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2 comments | Friday, October 08, 2010

Controversial author JL King returned to the Oprah Winfrey show yesterday six years after he and the talk show queen blew the lid off the down low. In 2004 King admitted that he'd cheated on his wife with men but didn't identify as a gay or bisexual.

"If I was a gay man I may want to be in a relationship with another man and play house. But when you're on the DL all you want to do is have sex. It's about gratification not orientation," King told Oprah in 2004.

What a difference six years can make in a person's life. "I have accepted the fact that I'm a black gay proud man," King now tells Oprah. He explains the fear of losing his family and being ostracized by society and the church kept the padlock on his closet door and credits the black gay community for giving him a "crash course on being gay".

"Where I grew up and in the churches I attended I would hear every Sunday that God doesn't love you and you're less than a man. If you're gay you're a pedophile. I didn't want to have that kind of label on my life."

King was preceded by a lengthy segment involving Bridgett, a successful black project manager who was infected with HIV by her husband who was living on the down low. As the narrative goes on Winfrey's show Bridgette was the ultimate victim-black, successful, articulate, heterosexual, and deceived by a predator whom she loved; a closeted gay man living a double life.

It's infuriating six years later that society and Winfrey are willing to discuss the down low but no one is addressing why the down low exists. This was a golden opportunity that she missed by not including openly black gay men in the dialogue or discussing what causes men like JL King and Bridgette's husband who infected her with HIV to participate in such dangerous behavior.

Anthony Antoine, Preventions Program Director for AIDS Research Consortium(ARCA) in Atlanta and close friend of JL King offers up some food for thought on what he described as a "trite and uninspiring show by a woman who handles every other topic with such class."

"Where's everyone's accountability for homophobia! "Down-Low" men exist because we still foster a climate even today for homophobia to thrive. If we rid the world of homophobia, the "down-low" phenomenon would fade away. It's really that simple. Men hide in the closet for many reasons...few to do with the thrill they get from the secrecy and shame and lying and drama."

"If YOU PARTICIPATE IN HOMOPHOBIA, you too are responsible for the horrible story presented on Oprah. You can't say "OMG! I feel so bad for her" and then call me faggot in your next breath. There's your answer why (not all) but most down-low men hide! You can't say "OMG! That's horrible what he did to her", then VOTE against equal rights for gay people. If we rid the world of homophobia, the "down-low" phenomenon would fade away. That spirit was missing from both Oprah shows on men on the down low."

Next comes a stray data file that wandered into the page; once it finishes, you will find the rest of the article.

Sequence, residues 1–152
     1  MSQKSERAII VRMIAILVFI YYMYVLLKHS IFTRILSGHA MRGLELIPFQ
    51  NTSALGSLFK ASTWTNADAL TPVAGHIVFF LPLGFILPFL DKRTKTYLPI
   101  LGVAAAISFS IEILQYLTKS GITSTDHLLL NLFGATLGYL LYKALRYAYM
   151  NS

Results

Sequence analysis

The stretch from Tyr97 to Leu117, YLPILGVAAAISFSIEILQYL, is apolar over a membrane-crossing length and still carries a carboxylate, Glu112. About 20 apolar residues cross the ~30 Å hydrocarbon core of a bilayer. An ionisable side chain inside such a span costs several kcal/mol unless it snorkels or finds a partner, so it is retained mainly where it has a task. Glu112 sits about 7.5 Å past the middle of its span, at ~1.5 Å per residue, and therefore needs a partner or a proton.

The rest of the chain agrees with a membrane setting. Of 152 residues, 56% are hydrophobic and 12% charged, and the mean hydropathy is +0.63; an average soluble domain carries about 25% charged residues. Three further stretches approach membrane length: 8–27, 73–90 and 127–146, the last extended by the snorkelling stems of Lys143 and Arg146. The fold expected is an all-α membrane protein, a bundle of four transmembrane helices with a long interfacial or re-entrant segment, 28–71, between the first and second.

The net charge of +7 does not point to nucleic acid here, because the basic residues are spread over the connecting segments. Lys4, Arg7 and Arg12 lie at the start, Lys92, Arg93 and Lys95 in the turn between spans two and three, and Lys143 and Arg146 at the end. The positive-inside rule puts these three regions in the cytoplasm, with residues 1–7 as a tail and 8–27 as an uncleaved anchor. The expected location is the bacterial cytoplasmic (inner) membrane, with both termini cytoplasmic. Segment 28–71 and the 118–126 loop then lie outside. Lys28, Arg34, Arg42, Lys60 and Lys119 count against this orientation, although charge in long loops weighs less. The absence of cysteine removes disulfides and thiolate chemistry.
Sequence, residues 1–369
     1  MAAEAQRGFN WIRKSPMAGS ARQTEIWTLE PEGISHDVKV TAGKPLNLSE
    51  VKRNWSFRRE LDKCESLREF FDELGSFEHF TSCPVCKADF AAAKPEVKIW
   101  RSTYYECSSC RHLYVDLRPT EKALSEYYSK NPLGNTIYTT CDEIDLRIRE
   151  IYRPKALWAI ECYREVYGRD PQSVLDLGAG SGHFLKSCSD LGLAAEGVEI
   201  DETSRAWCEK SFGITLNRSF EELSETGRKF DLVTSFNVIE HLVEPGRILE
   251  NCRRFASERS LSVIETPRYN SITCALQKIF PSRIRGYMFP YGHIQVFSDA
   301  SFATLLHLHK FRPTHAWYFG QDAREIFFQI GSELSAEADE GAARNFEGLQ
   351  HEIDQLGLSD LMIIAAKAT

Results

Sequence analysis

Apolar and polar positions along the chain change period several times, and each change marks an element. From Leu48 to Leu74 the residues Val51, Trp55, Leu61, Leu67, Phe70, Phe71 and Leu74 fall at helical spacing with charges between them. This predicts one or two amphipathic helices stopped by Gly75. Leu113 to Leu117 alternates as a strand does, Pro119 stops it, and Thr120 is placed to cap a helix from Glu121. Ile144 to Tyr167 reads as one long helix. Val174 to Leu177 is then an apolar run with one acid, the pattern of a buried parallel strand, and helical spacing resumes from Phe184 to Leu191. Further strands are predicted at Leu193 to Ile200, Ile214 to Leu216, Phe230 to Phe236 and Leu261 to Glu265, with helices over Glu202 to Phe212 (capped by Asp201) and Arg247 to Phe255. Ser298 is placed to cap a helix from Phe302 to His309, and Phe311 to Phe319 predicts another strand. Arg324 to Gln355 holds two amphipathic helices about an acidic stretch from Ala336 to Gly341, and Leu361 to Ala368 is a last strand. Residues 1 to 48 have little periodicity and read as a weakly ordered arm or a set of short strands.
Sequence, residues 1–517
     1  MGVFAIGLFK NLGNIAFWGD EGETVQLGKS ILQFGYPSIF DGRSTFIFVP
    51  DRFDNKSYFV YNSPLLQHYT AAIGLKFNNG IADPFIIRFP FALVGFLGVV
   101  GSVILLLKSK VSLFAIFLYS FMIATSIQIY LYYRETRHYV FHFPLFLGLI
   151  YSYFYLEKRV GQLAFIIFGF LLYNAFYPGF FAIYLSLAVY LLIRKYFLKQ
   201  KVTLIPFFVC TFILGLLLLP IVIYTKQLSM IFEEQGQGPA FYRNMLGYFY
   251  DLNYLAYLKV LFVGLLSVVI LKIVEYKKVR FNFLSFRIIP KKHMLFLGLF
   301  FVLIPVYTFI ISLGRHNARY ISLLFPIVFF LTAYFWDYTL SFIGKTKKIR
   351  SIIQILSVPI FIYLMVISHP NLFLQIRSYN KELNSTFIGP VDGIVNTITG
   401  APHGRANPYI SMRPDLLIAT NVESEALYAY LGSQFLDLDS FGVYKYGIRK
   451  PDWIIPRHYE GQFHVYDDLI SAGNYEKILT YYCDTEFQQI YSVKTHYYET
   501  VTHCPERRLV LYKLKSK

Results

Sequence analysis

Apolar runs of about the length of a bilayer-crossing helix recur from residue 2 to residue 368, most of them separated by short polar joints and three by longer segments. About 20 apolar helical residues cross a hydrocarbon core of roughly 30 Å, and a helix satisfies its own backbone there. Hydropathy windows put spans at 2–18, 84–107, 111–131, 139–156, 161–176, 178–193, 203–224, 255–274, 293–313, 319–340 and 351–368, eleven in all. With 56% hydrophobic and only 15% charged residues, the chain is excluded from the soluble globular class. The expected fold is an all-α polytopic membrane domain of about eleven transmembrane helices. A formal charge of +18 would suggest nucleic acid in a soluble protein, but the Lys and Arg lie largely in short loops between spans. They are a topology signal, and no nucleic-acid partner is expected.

Watch the video of JL King's segment on Oprah below. Also included is King's ex-wife and Ulandsey Peterson, a gay man who lived on the down low who shared his story in 2004 but remained anonymous until now.

Oprah Revisits JL King and the Down Low
Uploaded by darianoutloud. - More gay and lesbian lifestyle videos.

Many thanks to Jeff Hobbs and Anthony Antoine


<$BlogCommentAuthor$> said...

Thanks for always being so supportive of me. And thank you for continuing this important dialogue. I'm so glad that Living Out Loud with Darian thrives on and that you always keep Us and the larger us in the loop of what's going on about Us. Keep doin' it Darian! We NEED you!!

October 08, 2010 5:22 PM

<$BlogCommentAuthor$> said...

I was glad JL King finally admitted that he is a gay man on the Oprah show. Scene of the crime so to speak.

I would say that King acquited himself rather nicely in that segment. In 2004, he seemed like a lunatic. Now, just six years later, he seems calmer and he seems to have come to terms with his sexual orientation. I also like that the other guy decided to come out of the shadows, so to speak.

Maybe JL King's journey will inspire other gay black men to become more self accepting. King's 2004 appearance on the Oprah show was a train wreck for gay black men. Maybe his most recent appearance on her show (along with the other guy coming out of the shadows) is the beginning of a positive change in how gay black men are perceived by black people and the general society.

BTW, welcome back darian.

October 10, 2010 7:10 PM


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